- Poacher/finner retraining programs, to transition workers into careers with better long-term prospects, and which are better aligned with Costa Rica’s green values.
- Government funding and support of animal (including primate and predator) rescue shelters.
- Increased wildlife migration lanes in highway development sites.
- Strict penalties for those who harass, injure or threaten environmental activists.
However, Ethical Traveler also cited many areas in which Costa Rica has made good progress, including clean energy, forest protection, equal rights, access for the disabled, rule of law and LGBT freedom.
“Costa Rica truly is a Destination of Interest, and we sincerely wish to see it reappear on our Top Ten list,” the report says.
Asked for comment by The Tico Times, the Costa Rican government issued a lengthy response to Ethical Traveler’s report.
On the issue of shark protections, the statement cited a rebuttal to international criticism previously published on Nov. 24.
“The government of the republic of Costa Rica sharply denies that there has been a decrease in shark protections,” wrote Gustavo Meneses, executive president of the Costa Rican Fisheries Institute.
“The export (of hammerhead shark fins) has not been declared in the public interest; it was indicated clearly that we made a one-time exception to CRAC-CITES [the Convention on International Trade in Endangered Species of Wild Fauna and Flora] criteria, while awaiting a finding that extraction of this species was not detrimental, according to Article IV of the CITES convention,” the statement says.
As for the claim that the government would lobby shipping companies to backtrack on shark-fin bans, the statement said it had committed to negotiate with shipping companies to ensure that they would not refuse to ship any product that was acquired in compliance with Costa Rican law.
Noting that Costa Rica previously campaigned for the inclusion of the hammerhead and silky shark in Appendix II of the Convention on Migratory Species, the statement said the government’s position is that absent a scientific finding that certain species of sharks are in danger in the eastern Pacific Ocean, it would not support a ban on their harvest.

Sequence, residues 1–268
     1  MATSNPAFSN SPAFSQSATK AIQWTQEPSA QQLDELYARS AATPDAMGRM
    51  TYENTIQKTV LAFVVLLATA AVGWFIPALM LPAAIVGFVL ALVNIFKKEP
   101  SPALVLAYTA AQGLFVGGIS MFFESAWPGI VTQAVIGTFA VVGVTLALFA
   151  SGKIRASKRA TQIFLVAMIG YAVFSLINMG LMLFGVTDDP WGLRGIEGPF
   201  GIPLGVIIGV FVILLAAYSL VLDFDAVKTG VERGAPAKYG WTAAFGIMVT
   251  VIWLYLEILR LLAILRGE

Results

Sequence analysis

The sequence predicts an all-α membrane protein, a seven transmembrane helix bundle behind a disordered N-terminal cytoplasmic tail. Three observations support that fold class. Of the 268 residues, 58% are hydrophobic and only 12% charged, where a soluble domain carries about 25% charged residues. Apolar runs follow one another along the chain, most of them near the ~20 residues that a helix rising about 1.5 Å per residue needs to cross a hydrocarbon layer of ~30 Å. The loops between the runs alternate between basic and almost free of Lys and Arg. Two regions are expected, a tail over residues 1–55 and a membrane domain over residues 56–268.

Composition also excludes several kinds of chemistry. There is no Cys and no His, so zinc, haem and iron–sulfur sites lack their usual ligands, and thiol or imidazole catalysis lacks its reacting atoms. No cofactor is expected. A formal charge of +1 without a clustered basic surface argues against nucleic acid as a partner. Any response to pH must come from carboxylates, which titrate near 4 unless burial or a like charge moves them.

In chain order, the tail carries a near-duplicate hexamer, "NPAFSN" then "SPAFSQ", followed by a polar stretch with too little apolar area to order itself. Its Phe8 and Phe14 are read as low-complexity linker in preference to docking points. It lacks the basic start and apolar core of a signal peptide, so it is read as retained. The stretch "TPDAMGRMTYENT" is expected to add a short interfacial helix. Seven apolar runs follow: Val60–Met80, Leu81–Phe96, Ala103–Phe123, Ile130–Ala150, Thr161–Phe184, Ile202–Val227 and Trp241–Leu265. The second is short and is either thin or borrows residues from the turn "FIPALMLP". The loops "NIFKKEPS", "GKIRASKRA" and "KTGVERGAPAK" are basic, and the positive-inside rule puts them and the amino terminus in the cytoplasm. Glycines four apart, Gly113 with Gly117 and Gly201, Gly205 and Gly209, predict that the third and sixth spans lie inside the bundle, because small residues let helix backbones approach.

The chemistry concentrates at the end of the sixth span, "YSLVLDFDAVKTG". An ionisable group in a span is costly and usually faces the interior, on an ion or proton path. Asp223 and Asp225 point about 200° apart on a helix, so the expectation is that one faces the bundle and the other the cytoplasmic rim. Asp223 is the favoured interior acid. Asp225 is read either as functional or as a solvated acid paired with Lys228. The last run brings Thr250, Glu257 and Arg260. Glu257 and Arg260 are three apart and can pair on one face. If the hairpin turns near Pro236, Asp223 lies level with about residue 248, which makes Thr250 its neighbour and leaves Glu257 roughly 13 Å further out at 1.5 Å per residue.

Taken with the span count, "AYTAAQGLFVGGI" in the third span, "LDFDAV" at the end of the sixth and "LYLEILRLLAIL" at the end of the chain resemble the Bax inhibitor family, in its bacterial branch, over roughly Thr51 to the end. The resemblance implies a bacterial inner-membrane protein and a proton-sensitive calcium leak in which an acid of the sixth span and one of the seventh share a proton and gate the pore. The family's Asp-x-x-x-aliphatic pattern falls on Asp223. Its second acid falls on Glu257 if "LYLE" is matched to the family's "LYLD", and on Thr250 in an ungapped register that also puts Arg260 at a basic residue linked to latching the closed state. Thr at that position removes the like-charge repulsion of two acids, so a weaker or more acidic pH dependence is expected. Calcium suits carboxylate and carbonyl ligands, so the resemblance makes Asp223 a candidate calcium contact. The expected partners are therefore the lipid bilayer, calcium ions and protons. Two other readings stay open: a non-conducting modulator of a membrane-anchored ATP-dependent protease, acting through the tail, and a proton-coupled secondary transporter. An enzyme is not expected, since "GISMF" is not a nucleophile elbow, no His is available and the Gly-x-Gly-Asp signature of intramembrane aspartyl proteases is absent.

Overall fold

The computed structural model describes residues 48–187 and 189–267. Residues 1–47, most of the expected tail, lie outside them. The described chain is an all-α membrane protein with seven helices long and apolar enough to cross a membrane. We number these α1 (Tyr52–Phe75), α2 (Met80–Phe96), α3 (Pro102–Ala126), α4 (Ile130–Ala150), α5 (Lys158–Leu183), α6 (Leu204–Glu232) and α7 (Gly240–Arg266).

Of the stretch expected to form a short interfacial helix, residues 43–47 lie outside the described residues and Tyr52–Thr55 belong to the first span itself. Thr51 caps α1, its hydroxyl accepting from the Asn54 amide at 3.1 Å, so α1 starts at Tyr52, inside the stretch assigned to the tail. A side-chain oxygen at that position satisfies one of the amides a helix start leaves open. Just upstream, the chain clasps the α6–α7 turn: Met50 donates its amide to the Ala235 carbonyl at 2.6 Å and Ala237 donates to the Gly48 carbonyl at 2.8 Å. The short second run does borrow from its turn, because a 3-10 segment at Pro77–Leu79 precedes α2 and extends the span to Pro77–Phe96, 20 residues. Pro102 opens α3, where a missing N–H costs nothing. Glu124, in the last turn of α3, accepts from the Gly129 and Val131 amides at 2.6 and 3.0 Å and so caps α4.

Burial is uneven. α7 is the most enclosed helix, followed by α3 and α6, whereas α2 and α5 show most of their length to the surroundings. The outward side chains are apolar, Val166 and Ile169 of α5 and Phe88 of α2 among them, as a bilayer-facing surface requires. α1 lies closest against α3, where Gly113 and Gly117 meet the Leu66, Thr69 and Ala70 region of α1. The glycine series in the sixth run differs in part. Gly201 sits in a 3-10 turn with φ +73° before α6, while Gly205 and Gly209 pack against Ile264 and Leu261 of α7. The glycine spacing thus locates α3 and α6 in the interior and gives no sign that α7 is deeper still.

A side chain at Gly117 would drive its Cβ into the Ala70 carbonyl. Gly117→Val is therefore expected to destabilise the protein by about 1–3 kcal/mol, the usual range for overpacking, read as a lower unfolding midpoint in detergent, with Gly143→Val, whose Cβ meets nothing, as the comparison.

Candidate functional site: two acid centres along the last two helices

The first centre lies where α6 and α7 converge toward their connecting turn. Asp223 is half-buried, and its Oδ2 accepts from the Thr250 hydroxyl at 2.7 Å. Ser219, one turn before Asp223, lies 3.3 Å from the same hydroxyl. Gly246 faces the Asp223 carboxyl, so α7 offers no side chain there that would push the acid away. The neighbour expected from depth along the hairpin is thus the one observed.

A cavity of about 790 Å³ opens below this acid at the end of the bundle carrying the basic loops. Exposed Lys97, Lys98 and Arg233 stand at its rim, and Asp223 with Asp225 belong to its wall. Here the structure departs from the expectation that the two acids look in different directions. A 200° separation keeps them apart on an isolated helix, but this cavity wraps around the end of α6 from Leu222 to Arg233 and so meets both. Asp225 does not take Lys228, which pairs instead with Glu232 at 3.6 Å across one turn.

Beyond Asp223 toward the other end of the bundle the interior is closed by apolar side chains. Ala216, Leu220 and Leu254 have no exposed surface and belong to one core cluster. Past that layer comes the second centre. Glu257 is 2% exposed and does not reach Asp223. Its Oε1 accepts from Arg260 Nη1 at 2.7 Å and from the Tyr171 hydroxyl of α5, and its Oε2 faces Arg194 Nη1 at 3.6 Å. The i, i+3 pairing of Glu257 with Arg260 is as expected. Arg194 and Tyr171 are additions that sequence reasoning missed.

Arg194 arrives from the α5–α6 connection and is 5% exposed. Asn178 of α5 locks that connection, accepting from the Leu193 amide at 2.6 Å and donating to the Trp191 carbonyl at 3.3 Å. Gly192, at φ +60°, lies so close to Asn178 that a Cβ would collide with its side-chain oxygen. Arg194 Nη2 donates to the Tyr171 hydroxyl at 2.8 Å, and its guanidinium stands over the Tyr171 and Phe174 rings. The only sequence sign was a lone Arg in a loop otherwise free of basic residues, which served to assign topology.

On the issue of protecting the indigenous population, Ana Gabriel Zúñiga, vice minister of the presidency, wrote that the Solís administration has made this one of its top priorities. She noted that one of the administration’s first actions was to appoint as an adviser on indigenous populations Geyner Blanco, a Maleku recognized as a national leader on this issue.
“We recognize that there has been a historical abandonment of indigenous people by the Costa Rican state, yet that hasn’t stopped the present administration from taking on the challenge of assuming these debts of the past, many of which require structural reforms that affect the interests of other groups,” Zúñiga wrote. “Nevertheless, our only goal is the fulfillment of their human rights and the state’s responsibility to guarantee improvements in their living conditions.”
Zúñiga cited four priorities the government has identified: formulation of a policy on lands, territories and resources; the creation of a mechanism to consult with indigenous populations; generating open lines of dialogue with indigenous peoples; and strengthening government coordination to bring attention to indigenous groups.
The government statement also cited at length the steps it has taken to combat the sexual exploitation of minors by tourists, although this was one area in which Ethical Traveler actually praised the country.
Finally, regarding justice for the slain Jairo Mora, the statement said this matter is currently being adjudicated by the courts.
Contact Karl Kahler at firstname.lastname@example.org.